drupal-invades-joomlaAt the Sydney Joomla User Group Meeting this April we see Ryan Cross giving the group a presentation on Drupal. Ryan's presentation really has given the SJUG a look into Drupal and how it differs from Joomla. Ryan's presentation looked at some of the new features on Drupal 7 as well as setting up content types and packaging up code to push out to production servers. See our Facebook fan page for pictures from the night.

Below are some of the notes that I had taken on the night. Mostly for our own reference but I'm sure other members of the Sydney Joomla User Group may find it interesting.

Some Benefits of Drupal

Drupal has a fairly large security team checking everything in the core and even the contributor modules that extend Drupal. There are also automatatic testing of these modules that push code through over 40,000 (might have been 4000) different tests to see if patches and work. It is a fantastic and fast way to review code that gets pushed out for Drupal. Package code to deploy is also another useful feature as well as the standard content construction kits and taxonomy that is built into Drupal. There is also lots of local support for Drupal users in Australia and can all be found on the Drupal groups website.

Some Interesting Information About Drupal

Roughly 2% of the world's websites use Drupal compared to 2.7% for Joomla. A few high profile websites that use Drupal include:

Drupal is also used to been drive iphone apps, Facebook apps and desktop clients applications. Drupal sites behind all of these front facing applications and pushes data out to the applications via the web interface. On installation of a Drupal website, preconfigured packages can be used to quickly deploy a website as a e-commerce website, social networking, or even an Intranet. There a lots of preconfigured packages available for website deployment. When installing Drupal without a predefined package, you'd find the installation very bare with no editors or ‘extras' within the installation. Drupal 7 has a few new features in it that are vast improvements from the older versions of Drupal. A lot of money has been spent on the usability of the system allowing for easier use of the system.

Permissions on Drupal are very gradual, with lots of options in configuring the permissions for who has access to what. Very easy to setup modules to control what users see. The Drupal Blocks is very similar to modules in Joomla or widgets in WordPress.

Themes define the regions in which the site and blocks are then assigned. Assigning the blocks into the site is as simple as dragging and dropping block types into these predefined regions. Contextual configuration allows an administrator to control how the block and when the blocks are displayed. There features are all very similar to Joomla. Only difference is Joomla allows for simple point and click controls and options rather than simply adding them in contextually. Multisite within Drupal is possible via, domain access.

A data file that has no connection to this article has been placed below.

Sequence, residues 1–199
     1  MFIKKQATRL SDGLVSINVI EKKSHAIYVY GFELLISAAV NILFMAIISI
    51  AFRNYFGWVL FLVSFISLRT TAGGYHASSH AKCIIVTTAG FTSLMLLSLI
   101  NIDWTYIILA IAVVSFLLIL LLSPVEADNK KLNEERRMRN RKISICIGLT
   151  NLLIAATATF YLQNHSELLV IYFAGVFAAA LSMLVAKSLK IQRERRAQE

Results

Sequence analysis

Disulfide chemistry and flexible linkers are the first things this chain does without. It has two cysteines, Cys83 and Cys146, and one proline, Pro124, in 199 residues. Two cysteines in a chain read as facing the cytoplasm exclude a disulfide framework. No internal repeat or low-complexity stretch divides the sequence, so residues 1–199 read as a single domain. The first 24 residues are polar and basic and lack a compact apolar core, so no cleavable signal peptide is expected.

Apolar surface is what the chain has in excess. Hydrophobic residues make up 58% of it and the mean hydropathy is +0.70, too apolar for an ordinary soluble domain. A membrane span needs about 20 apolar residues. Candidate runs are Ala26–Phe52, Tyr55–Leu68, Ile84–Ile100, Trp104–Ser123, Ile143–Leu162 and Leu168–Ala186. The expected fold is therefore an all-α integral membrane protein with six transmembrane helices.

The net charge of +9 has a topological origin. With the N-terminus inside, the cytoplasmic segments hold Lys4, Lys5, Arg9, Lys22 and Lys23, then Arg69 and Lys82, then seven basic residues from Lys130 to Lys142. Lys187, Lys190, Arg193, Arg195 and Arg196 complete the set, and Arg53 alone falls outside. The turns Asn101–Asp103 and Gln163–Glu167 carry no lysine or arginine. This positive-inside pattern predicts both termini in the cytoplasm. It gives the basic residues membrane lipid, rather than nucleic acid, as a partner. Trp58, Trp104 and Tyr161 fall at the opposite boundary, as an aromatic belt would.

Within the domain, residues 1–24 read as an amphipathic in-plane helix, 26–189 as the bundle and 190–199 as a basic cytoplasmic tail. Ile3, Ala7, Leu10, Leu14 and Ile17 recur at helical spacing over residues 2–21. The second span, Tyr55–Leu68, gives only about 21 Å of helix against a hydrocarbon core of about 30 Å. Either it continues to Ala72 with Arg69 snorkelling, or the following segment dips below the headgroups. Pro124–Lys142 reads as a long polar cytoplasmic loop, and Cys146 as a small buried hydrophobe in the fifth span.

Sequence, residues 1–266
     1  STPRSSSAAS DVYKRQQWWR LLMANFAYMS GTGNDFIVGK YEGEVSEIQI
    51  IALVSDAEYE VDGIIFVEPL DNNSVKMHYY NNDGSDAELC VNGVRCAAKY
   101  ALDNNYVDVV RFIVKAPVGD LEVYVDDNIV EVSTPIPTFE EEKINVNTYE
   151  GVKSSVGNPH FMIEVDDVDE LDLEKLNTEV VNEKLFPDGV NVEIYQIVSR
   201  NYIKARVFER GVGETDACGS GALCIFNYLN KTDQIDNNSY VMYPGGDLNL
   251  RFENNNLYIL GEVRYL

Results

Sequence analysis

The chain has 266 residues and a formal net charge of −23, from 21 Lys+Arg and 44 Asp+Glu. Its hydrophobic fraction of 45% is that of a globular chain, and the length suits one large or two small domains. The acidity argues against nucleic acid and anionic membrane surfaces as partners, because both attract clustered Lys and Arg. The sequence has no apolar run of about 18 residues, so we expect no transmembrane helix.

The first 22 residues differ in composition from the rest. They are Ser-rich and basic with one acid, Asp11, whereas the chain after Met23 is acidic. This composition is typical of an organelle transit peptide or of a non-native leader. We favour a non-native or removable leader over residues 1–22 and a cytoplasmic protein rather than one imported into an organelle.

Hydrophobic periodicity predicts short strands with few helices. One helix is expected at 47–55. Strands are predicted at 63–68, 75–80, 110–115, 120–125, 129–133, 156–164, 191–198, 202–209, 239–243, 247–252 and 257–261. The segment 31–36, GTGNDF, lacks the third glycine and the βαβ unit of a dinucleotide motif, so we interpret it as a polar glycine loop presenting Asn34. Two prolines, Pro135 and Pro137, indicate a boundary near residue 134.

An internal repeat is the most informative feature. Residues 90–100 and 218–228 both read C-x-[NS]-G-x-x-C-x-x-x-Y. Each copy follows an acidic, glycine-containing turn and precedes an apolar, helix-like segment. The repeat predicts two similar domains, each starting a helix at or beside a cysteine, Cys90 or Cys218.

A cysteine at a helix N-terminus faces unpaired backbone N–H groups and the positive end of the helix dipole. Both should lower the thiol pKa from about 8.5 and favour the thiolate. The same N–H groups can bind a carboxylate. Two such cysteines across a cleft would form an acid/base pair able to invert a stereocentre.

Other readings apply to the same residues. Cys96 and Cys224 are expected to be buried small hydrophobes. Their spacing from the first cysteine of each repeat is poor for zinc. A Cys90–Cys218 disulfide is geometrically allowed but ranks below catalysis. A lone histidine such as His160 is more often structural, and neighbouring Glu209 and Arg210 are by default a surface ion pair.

Single code base can run multiple websites outside of the main site. Websites can share table or only shared parts of a table such as the users and sessions tables and not the roles table, allowing for multiple site access without need to login.

Multiple databases with master and slave databases are also possible. Slave databases can be read only and and master database can be both read and write allowing for maximum configuration. Druapl 7 also has the ability to interfaces straight into Flickr and YouTube and content storage. Users won't even see the YouTube or Flickr interfaces as they use the website.

My General Conclusions

From Ryan's presentation on Drupal 7, I've personally can see it being very similar to Joomla in some ways. I likened it to Joomla 1.6 + K2 + Sobi2 but all packaged into on release and very well refined. For anyone want just a simple straight forward implementation then WordPress of Joomla might be the best solution but in the case of complex functionality, Drupal would be the better choice.

What CMS is Better? WordPress, Joomla or Drupal

In saying which CMS/platform is better, I have to say it is a case by case scenario where using the right tools for the job is the best approach. If you were to build a very simple straight forward brochure style website, I'd recommend WordPress.

Especially if the client or website administrator has limited computer skills. The administrator interface for WordPress has to be one of the most friendliest with all most everything being a few clicks away. Joomla would be a better options where WordPress's functionality and flexibility falls through. If a suitable WordPress solution can't be found then using Joomla might be the easier option.

I the case where lots of customisation is needed with websites containing different content profiles, access control and complex site taxonomy then Drupal might be the best option there.

* The notes below this point have not been edited *

Feature update to push code out to a new production website rather than working off live.

Most admins accounts on a live site. Coupled with version control can become very powerful way of publishing to a live website.

Remember to install drush and run it in the terminal Content translation server, delivering new languages for the interfaces from the main Drupal repository.

Localization corrections can be pushed to a repository of main server.